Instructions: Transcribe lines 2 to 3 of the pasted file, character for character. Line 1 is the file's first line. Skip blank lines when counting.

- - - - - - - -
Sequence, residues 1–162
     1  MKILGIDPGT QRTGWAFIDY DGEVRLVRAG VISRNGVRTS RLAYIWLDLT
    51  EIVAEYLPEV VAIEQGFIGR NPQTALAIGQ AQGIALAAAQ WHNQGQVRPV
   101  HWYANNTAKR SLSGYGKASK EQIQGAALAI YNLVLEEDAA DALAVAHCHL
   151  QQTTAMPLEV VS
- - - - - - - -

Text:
     1  MKILGIDPGT QRTGWAFIDY DGEVRLVRAG VISRNGVRTS RLAYIWLDLT
    51  EIVAEYLPEV VAIEQGFIGR NPQTALAIGQ AQGIALAAAQ WHNQGQVRPV